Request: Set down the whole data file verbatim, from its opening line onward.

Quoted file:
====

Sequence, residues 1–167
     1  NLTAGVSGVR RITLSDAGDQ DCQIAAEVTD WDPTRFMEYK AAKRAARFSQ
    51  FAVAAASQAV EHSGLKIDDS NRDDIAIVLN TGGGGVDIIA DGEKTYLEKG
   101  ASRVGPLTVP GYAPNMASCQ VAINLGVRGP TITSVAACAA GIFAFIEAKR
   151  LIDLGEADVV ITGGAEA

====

Sequence, residues 1–167
     1  NLTAGVSGVR RITLSDAGDQ DCQIAAEVTD WDPTRFMEYK AAKRAARFSQ
    51  FAVAAASQAV EHSGLKIDDS NRDDIAIVLN TGGGGVDIIA DGEKTYLEKG
   101  ASRVGPLTVP GYAPNMASCQ VAINLGVRGP TITSVAACAA GIFAFIEAKR
   151  LIDLGEADVV ITGGAEA